Are you a Peter?

How do you act when you are not in church or not among your Christian friends?  Do you wear your Christianity like a badge of honor for people to see, or do you store that badge in the drawer next to the dusty Bible until you go to church on Sunday morning?  In Matt. 26:69-75, Peter denies Christ 3 times, even doing so with an oath, swearing he did not know the Savior.  As most people already know, the rooster then crows, and Peter remembers the words of Jesus, “Before the rooster crows, you will deny Me three times.”  I imagine that was not one of his favorite moments, and I am pretty sure he felt the shame of his denial, but he is not the only one that does that.  Unfortunately, that practice is more common than you may think amongst professing believers.

If we go to church every Sunday and profess his glory in the company of other Christians but then live like heathens when they are not around, we are, in essence, denying Him.  We cannot have one foot in the church’s door and the other in the world.  We cannot live two lives separate from each other as we try and please God on the one hand and the world on the other.  In fact, we are warned of that very attitude in James 4:4, “You adulterous people! Do you not know that friendship with the world is enmity with God? Therefore, whoever wishes to be a friend of the world makes himself an enemy of God.” When you put Christ on in baptism, you must put off the things of the world.  You cannot decide when and when not you will be faithful to Christ. The problem is that the deceptive allure of the fleeting recognition of the world traps many Christians into an unfaithful relationship with Christ.  We then end up cheating on Him in the same way an adulterer cheats on their spouse.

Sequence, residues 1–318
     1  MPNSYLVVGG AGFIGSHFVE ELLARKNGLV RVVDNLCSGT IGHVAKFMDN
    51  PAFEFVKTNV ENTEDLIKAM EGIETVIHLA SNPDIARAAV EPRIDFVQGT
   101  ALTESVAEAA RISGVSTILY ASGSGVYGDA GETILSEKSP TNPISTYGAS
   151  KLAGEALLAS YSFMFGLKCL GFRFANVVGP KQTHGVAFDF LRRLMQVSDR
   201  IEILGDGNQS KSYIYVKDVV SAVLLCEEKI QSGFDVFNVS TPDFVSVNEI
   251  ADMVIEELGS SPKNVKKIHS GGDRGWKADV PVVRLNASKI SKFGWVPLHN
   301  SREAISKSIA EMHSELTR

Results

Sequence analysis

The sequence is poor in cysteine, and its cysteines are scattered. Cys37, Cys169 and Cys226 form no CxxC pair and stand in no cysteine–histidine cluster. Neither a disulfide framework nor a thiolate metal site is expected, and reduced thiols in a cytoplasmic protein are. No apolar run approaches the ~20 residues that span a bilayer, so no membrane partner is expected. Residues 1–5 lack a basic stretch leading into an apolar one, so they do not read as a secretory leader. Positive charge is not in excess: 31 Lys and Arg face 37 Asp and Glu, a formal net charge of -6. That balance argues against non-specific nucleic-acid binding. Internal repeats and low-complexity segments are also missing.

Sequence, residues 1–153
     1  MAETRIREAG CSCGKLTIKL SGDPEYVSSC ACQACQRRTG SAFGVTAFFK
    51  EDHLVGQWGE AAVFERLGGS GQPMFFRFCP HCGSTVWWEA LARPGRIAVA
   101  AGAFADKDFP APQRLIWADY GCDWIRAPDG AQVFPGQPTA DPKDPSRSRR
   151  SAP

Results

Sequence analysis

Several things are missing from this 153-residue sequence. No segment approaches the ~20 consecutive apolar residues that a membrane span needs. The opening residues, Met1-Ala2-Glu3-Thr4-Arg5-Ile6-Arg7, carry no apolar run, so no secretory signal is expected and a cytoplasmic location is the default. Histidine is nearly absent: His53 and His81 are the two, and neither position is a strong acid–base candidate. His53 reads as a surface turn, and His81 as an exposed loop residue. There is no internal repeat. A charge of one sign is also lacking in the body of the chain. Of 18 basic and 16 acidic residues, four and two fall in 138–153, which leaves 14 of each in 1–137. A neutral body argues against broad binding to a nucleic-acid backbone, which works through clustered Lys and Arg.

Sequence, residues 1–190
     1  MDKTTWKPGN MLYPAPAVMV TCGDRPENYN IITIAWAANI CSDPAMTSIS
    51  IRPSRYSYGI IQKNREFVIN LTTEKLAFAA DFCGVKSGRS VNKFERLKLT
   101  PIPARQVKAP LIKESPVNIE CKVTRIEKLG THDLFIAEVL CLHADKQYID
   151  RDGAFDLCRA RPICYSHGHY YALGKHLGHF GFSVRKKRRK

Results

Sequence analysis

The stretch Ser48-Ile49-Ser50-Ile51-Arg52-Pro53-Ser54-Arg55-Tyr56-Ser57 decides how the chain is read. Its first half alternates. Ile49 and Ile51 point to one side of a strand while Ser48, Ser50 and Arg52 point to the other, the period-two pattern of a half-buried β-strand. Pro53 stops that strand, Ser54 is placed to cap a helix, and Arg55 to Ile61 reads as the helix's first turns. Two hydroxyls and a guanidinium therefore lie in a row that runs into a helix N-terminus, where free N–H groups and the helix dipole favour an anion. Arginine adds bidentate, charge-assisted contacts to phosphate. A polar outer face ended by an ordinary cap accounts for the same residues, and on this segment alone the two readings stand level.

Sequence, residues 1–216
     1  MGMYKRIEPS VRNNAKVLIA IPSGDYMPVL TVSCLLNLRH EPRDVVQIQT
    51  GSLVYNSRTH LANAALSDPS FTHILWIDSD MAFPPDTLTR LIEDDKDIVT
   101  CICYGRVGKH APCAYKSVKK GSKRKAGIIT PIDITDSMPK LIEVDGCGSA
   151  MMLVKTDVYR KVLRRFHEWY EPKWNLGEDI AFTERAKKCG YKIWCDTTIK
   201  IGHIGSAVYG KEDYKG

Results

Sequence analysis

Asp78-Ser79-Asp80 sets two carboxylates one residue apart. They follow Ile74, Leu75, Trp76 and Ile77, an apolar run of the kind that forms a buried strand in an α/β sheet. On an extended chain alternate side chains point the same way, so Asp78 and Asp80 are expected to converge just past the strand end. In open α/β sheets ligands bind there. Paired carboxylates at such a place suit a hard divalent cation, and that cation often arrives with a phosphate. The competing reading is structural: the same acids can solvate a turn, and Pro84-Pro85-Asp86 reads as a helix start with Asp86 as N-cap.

Of course, we all know the danger of explicitly denying Christ because it is clearly articulated in scriptures like Matt. 10:33, “but whoever denies Me before men, I will also deny before My Father who is in heaven.” The end of anyone who is not faithful is eternal separation from God, resulting in everlasting agony in hell.  But we should not be fooled into thinking that verbalizing it is the only way to deny Him.  The saying “actions speak louder than words” is an excellent analogy for this because it is also by our actions that we confess or deny our Lord and Savior.  Deciding to follow God through Christ our Lord is always our choice, but once we choose to do so and put Christ on in baptism, we do not have the option to live double lives and get away with it.  That choice remains ours to make, but the consequences of doing so are dire, and we ought to think carefully before committing to Christ if we are only going to be half-hearted about it.

In Rev. 3:15-16, we read the following words, “I know your works:  you are neither cold nor hot.  Would that you were either cold or hot!  So, because you are lukewarm, and neither hot nor cold, I will spit you out of my mouth.”  Words of warning that clearly illustrate the dangers of denying Christ by our actions.  Can you confidently say that your actions are evidence of your faith, or are you a Peter, denying Christ for fear of what the world will think of or do to you?

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